As an example, here, parts of the stage plan may be confidential, or share with the Team Manager cost or pricing information. In such a case then sending sections of the stage plan makes more sense.
Where a third party is being used to execute the Work Package, then the relevant parts of the stage plan may have been created by the third-party themselves in consultation with the Project Manager of course.
In which case, only milestone information would be needed. A powerful PRINCE2 document that can be used here is the Product Checklist.
As each product is completed, which means that it has been quality-checked and signed off, the delivery dates are noted on the Product Checklist and the milestone related to that. In effect, the third-party Team Manager (who may be their Project Manager), has pre-advised the Project Manager of when to expect the completed products.
PRINCE2 uses the technique of product based planning, and part of that planning is to write a Product Description to define every deliverable or products to be created within this stage, and hence this Work Package.
The Product Description describes the product together with any quality criteria it must satisfy and details of how to quality check the product. The Work Package may contain more than one product, and hence more than one Product Description will be included within this section.
In these days of electronic documents, the Work Package and the Product Descriptions, and any relevant plans may simply be a collection of files such as PDF documents.
This defines who can approve the products within the Work Package often they have been built and tested. Sign-off is normally very simple, but can involve things like formal acceptance is and even legal acceptance as laid down within a contract.
The section also covers how the completed products in the Work Package are to be delivered and in some cases the Team Manager can simply hand them back physically or electronically to the Project Manager.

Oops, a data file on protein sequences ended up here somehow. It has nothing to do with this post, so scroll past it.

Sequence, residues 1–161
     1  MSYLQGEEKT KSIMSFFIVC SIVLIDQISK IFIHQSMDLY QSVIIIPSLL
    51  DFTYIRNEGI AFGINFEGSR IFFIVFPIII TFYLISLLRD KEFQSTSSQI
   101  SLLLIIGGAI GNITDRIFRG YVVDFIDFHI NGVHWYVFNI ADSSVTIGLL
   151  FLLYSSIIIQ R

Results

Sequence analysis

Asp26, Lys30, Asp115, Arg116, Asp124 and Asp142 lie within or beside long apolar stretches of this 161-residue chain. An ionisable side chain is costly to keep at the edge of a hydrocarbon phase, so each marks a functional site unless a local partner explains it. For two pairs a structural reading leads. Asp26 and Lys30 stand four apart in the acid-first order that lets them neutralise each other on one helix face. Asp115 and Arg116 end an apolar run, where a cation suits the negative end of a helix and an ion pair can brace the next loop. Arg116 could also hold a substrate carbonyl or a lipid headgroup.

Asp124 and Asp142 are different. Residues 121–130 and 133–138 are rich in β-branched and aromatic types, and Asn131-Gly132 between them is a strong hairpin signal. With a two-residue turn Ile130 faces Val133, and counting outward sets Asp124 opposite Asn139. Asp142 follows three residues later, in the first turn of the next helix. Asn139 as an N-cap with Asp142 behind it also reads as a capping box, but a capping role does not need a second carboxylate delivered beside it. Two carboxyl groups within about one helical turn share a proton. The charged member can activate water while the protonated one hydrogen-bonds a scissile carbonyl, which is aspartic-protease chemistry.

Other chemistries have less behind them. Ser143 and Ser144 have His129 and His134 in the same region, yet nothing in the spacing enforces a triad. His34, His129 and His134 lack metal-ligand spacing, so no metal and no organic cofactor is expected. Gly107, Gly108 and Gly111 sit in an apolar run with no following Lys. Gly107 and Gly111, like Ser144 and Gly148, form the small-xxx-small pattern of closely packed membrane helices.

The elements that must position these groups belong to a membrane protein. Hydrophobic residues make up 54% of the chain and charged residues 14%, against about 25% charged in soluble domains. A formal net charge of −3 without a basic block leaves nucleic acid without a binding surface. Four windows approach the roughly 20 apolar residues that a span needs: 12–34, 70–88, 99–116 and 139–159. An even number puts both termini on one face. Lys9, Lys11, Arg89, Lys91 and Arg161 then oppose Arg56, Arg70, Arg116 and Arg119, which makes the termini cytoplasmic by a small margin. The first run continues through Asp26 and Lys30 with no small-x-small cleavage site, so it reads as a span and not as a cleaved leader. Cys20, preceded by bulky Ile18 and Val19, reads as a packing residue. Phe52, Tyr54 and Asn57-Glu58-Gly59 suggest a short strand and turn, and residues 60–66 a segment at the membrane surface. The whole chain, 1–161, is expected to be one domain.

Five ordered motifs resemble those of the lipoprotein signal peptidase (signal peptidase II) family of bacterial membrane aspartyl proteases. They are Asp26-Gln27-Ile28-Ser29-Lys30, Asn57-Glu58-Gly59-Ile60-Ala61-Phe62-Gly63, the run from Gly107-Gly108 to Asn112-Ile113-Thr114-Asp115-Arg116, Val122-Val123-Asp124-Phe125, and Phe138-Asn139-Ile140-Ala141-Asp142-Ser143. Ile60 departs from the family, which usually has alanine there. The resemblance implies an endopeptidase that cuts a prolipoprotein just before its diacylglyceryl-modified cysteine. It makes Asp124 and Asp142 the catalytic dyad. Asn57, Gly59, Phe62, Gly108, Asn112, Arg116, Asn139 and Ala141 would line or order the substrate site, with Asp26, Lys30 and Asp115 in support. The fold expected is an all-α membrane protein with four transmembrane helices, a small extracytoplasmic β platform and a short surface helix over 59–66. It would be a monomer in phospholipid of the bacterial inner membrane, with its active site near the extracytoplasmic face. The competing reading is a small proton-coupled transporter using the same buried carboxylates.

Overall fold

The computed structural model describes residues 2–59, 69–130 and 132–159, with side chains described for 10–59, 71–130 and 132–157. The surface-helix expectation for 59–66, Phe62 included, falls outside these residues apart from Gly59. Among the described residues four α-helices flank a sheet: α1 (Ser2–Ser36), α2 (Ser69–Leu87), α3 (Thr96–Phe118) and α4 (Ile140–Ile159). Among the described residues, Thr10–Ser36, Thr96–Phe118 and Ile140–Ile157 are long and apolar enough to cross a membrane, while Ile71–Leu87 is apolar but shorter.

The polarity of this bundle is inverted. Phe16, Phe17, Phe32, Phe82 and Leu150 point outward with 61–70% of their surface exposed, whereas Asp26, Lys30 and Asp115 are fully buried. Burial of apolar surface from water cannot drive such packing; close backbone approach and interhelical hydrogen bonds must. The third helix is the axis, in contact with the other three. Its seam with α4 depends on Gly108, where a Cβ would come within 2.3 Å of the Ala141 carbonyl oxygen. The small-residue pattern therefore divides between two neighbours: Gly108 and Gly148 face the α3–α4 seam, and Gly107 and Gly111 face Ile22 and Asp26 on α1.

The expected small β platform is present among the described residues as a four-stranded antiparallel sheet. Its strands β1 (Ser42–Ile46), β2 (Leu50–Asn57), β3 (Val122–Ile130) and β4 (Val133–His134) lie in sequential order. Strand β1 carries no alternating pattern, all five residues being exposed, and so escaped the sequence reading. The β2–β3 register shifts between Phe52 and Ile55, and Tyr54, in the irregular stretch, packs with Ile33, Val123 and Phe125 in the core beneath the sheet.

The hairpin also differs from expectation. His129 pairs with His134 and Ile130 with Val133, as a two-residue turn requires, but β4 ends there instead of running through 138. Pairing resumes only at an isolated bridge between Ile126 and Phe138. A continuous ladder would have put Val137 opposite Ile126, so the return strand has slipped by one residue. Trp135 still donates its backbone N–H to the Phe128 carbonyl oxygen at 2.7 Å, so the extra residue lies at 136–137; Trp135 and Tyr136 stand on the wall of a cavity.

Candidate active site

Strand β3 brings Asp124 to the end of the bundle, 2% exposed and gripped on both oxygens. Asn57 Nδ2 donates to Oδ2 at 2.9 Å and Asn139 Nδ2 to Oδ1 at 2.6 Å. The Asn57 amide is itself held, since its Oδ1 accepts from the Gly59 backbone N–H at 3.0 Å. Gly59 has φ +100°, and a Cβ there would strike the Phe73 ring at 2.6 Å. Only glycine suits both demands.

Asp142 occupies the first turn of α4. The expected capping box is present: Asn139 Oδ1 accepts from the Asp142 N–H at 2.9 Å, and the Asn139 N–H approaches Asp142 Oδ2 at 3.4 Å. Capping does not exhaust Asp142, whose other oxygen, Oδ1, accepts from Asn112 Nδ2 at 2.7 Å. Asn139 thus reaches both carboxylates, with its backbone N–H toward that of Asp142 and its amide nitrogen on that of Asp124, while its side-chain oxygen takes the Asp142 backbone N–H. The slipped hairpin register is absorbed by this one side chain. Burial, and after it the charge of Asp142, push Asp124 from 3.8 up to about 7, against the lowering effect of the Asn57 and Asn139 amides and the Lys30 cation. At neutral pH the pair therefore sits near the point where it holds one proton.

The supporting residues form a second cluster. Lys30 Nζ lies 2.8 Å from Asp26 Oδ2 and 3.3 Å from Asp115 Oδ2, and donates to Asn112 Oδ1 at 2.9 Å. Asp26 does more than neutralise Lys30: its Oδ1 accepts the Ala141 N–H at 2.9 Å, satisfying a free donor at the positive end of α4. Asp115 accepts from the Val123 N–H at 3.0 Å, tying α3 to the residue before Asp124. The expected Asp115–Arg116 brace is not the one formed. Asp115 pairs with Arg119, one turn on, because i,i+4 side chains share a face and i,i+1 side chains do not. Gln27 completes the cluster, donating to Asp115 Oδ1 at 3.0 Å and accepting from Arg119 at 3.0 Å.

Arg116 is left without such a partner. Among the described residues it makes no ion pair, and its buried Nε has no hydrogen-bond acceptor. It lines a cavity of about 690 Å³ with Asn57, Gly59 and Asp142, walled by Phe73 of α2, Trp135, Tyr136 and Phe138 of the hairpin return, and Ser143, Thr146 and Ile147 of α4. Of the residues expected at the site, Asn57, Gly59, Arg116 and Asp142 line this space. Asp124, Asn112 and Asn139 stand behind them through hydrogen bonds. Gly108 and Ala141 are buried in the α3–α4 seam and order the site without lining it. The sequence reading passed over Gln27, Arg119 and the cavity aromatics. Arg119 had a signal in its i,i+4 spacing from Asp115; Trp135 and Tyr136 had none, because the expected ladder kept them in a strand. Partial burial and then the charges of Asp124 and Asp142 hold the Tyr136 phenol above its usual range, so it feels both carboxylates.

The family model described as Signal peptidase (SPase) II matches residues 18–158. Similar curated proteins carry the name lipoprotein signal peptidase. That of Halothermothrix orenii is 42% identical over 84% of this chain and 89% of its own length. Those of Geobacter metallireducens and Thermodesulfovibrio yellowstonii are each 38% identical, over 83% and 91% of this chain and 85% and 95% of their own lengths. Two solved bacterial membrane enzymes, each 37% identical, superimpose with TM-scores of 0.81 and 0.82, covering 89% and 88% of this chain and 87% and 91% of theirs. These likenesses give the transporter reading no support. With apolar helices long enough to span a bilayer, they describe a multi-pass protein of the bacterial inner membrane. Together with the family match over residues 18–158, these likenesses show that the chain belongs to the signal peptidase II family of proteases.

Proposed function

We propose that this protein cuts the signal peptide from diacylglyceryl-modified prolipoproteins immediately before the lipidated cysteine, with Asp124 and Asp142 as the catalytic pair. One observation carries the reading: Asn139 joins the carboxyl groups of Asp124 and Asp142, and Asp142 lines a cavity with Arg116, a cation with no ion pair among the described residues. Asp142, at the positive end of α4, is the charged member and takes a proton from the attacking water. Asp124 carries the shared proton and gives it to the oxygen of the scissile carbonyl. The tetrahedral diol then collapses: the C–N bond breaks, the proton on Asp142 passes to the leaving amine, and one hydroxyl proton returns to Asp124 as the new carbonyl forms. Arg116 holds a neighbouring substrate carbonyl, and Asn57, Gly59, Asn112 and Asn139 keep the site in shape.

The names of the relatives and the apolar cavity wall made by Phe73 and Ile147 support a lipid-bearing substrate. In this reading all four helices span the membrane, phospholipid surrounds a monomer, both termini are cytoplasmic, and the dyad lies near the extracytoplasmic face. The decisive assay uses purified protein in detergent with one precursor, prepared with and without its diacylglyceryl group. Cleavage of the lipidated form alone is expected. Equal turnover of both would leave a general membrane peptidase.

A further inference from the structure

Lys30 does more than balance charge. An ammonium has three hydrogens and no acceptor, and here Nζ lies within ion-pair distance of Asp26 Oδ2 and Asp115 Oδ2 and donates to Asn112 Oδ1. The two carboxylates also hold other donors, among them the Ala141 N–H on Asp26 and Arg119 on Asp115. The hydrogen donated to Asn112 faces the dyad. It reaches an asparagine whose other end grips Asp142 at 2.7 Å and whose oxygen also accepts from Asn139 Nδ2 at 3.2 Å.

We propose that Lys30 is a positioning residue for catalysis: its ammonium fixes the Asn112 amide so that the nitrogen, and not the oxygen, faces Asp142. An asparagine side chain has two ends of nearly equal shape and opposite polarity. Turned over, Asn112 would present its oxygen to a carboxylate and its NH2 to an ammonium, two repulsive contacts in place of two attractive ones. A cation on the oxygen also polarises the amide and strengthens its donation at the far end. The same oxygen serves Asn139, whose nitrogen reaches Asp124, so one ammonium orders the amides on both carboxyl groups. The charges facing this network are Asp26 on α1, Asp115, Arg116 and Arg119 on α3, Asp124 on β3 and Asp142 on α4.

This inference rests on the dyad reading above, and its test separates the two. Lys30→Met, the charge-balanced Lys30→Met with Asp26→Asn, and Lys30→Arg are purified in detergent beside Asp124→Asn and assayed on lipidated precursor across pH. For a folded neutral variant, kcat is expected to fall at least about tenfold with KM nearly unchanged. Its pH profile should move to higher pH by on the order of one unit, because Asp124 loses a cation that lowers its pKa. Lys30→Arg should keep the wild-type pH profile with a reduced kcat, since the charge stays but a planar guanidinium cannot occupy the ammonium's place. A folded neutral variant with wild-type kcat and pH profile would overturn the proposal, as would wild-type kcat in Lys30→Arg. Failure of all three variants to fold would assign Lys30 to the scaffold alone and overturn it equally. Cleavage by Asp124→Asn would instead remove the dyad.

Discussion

The product may need to be returned in a different way such as into an automated configuration management version control system or by delivering direct to a final location such as a customer site.
The delivery of some products may mean installing them and setting them up so that they are operational. In any case, the Project Manager needs to be notified that the product or products included in the Work Package are complete and delivered.
You remember that project communications do not have to be complex. The Team Managers can notify Work Package completion by email or even phone calls. To not make formal communications when simpler and more effective methods are available.
So what next? I’m betting that you will want to pass your PRINCE2 exams at your first try, as well as get the best training your can – so Grab my PRINCE2 Primer and Jump on over HERE!
David spent 25 years as a senior project manager for USA multinationals, and has deep experience in project management. He now develops a wide range of project-related downloadable video training products under the Primer and Projex Academy brand names. In addition, David runs project management training seminars across the world, and is a prolific writer on the many topics of project management.